Linda M. Downing
We understand in theory much that we do not put into practice. Like a 3-year-old being potty-trained, who upon soiling her new training pants, says, "Just put a diaper on me," we're old enough to understand "mess-up" but not old enough to prevent it. Maturity demands some effort to see the future payoff.
Despite our persistence in adopting resolutions and setting goals, we are mostly shortsighted. Like the 23-year-old Hubble Space Telescope, humans were created with long-range vision ability but rarely use it to full capacity. To maximize Hubble's potential involved application of concepts developed by that genius of geniuses-Albert Einstein.
According to astronomers, the Hubble has done what, until now, we relegated to science fiction. It has time-travelled back some 13.2 billion years to "cosmic dawn." It has by-passed the Big Bang by 500 million years to see never-before-seen galaxies in their embryonic state. Even the Associated Press' attempt at explanation is too complicated for most of us. It required a lot of reading by this writer to synthesize this incomparable discovery into a few, halfway understandable words. Einstein's understanding allowed him to see time-past, present, future-as one, continuous spectrum.
The January/February AARP Bulletin has published results of a study it calls "The Boomer View." The older boomers, age 65 plus, appear more optimistic and less regretful than their younger counterparts, ages 50-64. The questions involved such serious topics as regrets, money worries, future hope, and stress.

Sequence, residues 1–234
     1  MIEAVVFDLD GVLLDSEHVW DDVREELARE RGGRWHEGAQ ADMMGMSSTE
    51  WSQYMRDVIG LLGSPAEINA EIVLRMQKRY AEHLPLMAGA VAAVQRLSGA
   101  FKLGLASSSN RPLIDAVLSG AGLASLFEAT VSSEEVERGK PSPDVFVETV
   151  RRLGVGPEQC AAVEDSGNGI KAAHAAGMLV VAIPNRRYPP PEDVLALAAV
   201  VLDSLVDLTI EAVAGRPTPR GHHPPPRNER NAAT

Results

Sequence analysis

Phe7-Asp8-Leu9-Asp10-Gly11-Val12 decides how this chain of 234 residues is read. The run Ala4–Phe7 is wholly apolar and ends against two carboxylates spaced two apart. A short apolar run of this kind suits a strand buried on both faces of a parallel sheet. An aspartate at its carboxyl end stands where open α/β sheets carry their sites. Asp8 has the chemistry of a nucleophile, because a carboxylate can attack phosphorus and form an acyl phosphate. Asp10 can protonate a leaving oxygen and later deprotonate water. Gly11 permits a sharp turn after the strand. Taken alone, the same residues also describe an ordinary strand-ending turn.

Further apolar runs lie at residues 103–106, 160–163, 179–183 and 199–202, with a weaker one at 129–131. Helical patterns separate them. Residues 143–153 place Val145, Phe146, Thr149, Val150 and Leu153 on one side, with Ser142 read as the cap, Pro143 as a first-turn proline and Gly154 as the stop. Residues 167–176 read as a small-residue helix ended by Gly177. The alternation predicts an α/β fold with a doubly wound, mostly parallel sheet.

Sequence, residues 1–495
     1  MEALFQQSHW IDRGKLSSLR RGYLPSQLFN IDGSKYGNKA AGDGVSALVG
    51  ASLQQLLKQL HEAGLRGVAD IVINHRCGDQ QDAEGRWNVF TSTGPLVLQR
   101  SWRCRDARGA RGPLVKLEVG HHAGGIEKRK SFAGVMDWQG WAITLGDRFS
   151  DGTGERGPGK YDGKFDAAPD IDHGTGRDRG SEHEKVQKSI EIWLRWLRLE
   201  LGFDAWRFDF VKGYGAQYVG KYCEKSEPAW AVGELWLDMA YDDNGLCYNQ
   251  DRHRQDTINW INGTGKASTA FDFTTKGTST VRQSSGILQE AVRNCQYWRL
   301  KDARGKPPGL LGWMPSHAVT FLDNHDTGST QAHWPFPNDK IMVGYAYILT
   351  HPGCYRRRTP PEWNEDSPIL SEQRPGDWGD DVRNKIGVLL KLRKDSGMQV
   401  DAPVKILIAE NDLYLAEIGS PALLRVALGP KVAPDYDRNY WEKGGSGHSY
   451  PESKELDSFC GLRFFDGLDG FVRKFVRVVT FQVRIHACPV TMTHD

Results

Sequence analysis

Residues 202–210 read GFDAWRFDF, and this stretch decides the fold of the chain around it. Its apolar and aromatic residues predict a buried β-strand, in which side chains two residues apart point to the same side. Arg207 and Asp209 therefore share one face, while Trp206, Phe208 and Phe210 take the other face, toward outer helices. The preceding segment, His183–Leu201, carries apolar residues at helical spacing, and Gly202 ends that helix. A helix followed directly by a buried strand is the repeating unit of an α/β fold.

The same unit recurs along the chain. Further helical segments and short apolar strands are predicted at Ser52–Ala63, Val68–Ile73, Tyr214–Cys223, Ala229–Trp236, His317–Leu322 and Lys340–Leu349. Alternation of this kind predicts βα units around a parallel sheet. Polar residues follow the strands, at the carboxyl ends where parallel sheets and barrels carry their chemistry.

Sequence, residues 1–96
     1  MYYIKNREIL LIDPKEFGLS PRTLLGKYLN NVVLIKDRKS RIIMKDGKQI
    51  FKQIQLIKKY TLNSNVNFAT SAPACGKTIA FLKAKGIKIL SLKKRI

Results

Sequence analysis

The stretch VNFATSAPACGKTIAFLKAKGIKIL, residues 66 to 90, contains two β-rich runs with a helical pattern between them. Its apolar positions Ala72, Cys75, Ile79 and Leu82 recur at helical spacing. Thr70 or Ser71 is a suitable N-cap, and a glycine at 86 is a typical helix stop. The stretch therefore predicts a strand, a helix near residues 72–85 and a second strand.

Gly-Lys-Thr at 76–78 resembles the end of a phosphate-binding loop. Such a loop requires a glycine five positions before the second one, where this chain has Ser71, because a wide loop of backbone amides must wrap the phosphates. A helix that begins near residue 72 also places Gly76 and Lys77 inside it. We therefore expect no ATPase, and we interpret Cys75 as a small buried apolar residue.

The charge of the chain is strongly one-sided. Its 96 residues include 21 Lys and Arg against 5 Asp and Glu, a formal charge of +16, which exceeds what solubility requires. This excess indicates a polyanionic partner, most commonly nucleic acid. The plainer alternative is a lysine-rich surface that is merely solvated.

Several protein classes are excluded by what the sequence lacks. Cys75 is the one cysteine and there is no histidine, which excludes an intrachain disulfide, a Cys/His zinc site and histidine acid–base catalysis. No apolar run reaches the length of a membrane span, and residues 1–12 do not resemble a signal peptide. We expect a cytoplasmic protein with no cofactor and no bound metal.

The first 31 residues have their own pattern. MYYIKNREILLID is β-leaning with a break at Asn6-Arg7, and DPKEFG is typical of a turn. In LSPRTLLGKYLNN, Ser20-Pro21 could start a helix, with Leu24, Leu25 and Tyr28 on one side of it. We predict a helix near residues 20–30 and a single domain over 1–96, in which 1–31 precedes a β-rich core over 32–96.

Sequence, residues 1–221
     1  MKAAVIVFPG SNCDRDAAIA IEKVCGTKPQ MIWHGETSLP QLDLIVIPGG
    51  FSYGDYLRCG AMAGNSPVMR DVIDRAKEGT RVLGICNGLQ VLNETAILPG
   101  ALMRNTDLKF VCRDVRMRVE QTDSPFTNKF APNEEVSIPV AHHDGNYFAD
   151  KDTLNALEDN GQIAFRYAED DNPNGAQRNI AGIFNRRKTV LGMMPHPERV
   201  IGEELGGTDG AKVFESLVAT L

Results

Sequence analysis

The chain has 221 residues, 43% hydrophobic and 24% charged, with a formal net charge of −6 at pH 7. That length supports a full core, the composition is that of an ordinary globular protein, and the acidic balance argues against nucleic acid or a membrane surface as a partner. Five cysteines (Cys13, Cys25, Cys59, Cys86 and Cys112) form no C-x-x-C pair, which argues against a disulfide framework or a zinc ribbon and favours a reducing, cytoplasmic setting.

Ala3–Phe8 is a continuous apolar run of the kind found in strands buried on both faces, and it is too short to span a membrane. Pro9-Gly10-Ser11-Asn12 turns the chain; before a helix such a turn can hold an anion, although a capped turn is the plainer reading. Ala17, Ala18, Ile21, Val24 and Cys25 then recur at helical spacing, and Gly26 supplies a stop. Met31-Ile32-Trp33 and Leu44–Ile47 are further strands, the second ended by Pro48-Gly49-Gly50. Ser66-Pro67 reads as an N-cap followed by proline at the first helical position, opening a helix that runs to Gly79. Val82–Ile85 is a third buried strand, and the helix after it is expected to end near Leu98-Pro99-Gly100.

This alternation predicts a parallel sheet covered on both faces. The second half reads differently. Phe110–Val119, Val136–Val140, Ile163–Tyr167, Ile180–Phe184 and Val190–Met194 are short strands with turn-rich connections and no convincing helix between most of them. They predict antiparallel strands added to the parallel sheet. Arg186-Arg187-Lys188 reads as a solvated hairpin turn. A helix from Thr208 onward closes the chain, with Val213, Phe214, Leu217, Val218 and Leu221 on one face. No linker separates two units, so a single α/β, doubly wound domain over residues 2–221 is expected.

Carole Fleck, commenting on the study, says, "Few would argue that boomers didn't get to live their lives on their own terms." There is much truth in that statement, especially for women locked into their roles by the culture of their youth, but to say it constitutes a "generation gap" is a stretch. Has there ever been or will there ever be a people, no matter what generation, who feel they can completely live life "on their own terms"? Many try; all fail.
It is more likely that the older boomers are coming face-to-face with their own mortality. Like Einstein and all before them, they will die. What used to be a long-range possibility is suddenly a short-range certainty. To be asked to look back and answer questions about whether or not they chose the right profession, should have delayed children, or ended a bad relationship is becoming more and more a waste of the time left. It is what it is.
What is good is that when we recognize past is past, present is fleeting, and future beckons, we get closer to Einstein's projected view that there is a future. Shortsightedness rules a long-range world, but it doesn't have to hold sway over our personal one.
In theory, that's true. In practice, even Jesus was incredulous over our obstinate refusal to use the time we have to view our lives from an eternal perspective: "Having eyes, do you not see? And having ears, do you not hear? And do you not remember?" (Mark 8:18).
If Hubble is telling us anything, it is that both the beginning and ending-our shortsighted way of looking at life-is infinite and eternal-God's long-range view.
Finding truth requires the right starting point. That is the quest of this column. If we seek simple truth, we can find it together-side-by-side.
Linda M. Downing is a freelance writer. Contact her at lindadowning.com.